Wal-Mart's 3Q results show US turnaround
NEW YORK—Wal-Mart got an early Christmas gift: Its strategy of offering the lowest prices and shoppers' favorite goods is starting to bear fruit just in time for the holiday shopping season.
Wal-Mart Stores Inc. on Tuesday reported its first quarterly gain in revenue at stores opened at least a year after nine consecutive quarters of declines at its branded U.S. business. It did this by hammering its message of low prices across the store and restocking the brands and products that people care most about.
That the world's largest retailer is turning a corner is a positive sign for the retail industry and the U.S. economy as a whole. Its core low-income shoppers have been particularly hard hit by joblessness and the other challenges of the nation's weak economy. The results indicate that those most hurt by the economic downturn are willing to spend if you offer them rock-bottom pricing.
"The plan is working," Mike Duke, CEO of Wal-Mart, said on Tuesday. "Customers are responding favorably."
It's been a long road for Wal-Mart, which in recent years has been battered by a combination of the bad economy and its own bad decisions that caused U.S. customers to flee to competitors.
U.S. shoppers could no longer depend on the company for the cheapest goods because it had strayed away from offering everyday low prices on all products to just doing so on select items. Additionally, shoppers no longer viewed Wal-Mart as the place for their one-stop shopping needs as the company scaled back on plus-size clothing, crafts and other popular items in an attempt to de-clutter its stores.
Recently, Wal-Mart has been working to reclaim its reputation as the lowest-price leader by going back to the "everyday" low pricing strategy that its founder, Sam Walton, pioneered. The company, based in Bentonville, Ark., also has restocked thousands of popular products it got rid of, including adding items that are popular in specific regions. In Phoenix, for example, shoppers now find pool supplies and lawn and garden items year-round.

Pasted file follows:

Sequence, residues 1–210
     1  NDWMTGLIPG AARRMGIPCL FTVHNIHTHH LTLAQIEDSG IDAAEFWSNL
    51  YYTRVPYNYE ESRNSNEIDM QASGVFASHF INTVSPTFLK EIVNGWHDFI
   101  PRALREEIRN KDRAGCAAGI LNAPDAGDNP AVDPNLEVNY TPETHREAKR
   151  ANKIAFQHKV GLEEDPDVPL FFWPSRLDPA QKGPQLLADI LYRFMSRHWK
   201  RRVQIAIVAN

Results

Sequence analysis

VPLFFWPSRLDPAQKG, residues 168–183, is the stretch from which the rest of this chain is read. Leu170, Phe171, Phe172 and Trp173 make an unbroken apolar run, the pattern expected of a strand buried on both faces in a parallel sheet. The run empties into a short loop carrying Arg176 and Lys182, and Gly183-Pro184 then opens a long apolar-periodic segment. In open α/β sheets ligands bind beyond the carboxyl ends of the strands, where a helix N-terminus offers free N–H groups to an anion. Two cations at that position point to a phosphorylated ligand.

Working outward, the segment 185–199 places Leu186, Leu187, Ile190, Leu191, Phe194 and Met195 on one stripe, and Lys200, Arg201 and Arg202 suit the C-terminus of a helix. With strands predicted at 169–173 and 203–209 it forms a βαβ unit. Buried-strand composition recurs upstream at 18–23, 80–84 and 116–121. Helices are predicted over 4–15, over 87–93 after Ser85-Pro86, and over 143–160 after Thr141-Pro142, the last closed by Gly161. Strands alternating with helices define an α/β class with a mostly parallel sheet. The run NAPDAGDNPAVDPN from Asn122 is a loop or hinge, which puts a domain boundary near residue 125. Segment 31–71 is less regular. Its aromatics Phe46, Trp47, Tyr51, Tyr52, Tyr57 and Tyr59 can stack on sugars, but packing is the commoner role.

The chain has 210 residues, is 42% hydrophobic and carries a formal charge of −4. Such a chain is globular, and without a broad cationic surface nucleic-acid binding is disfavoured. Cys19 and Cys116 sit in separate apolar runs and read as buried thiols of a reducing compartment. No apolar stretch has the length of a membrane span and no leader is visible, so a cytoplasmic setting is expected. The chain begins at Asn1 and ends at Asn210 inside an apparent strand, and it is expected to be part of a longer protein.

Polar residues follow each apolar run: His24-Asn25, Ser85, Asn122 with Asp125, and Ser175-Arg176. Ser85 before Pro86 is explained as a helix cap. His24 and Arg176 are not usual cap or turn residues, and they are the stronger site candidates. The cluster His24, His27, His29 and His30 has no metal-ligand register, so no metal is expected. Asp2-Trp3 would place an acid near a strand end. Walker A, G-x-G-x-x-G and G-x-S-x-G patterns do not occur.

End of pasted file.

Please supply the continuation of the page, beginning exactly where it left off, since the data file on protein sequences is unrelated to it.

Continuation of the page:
Wal-Mart's strategy appears to be working. In the three-month period ended Oct. 31, Wal-Mart's U.S. namesake division's revenue at stores opened at least a year -- an indicator of a retailer's health -- rose 1.3 percent. That's above Wall Street estimates for a 0.3 percent increase and reverses nine straight quarters of declines in the measure, its longest streak ever.
Wal-Mart said the gains were fueled by an increase in the average amount customers were spending per visit. Sales of food and health and wellness products, sporting goods, and crafts were particularly brisk.
"Wal-Mart is getting its groove back," said Brian Sozzi, an independent research analyst. "They're taking the fight back to dollar stores, Amazon and others. They're much more aggressive."
Still, Wal-Mart's aggressive strategy comes at a cost. The retailer is lowering its prices at a time when many of its suppliers -- consumer products companies and others -- are raising theirs to cover their rising costs for the materials they use to produce, package and transport their goods. That's eating away at its margins.
In fact, Wal-Mart said that all three of its business areas -- Wal-Mart U.S. division, Sam's Club and its international division -- had a decline in profit margins in the three-month period ended October 31 because of the impact of its low price focus and inflationary pressures.
That's in part why Wal-Mart executives are setting a cautiously optimistic tone. They know the retailer's core low-income customer is still reeling from the economic downturn, and it's likely to take ever more profit-busting incentives to keep them shopping.
"Our core customer was still impacted by high unemployment and continued uncertainty over the economy, leading to declining consumer confidence," said Bill Simon, president of Wal-Mart's U.S. division. "We believe it will be more difficult than ever to afford holiday meals for their families."
Still, Wal-Mart's U.S. namesake business is particularly important to the company because it accounts for 62 percent of its total revenue. As a result, the company is upping the ante for the holiday shopping season, a critical period for many retailers that roughly runs from November through December.
Through its Christmas Price Guarantee program, shoppers who buy something at its store between Nov. 1 and Dec. 25, but find the identical product elsewhere for less, can get a gift card in the amount of the difference.
Wal-Mart also offering more ways to help shoppers pay for their gifts. Wal-Mart brought back layaway for the holiday season for toys and electronics, starting Oct. 17. And its new holiday credit offer allows customers who buy gifts this month and next month interest-free financing for six months, provided they make monthly minimum payments.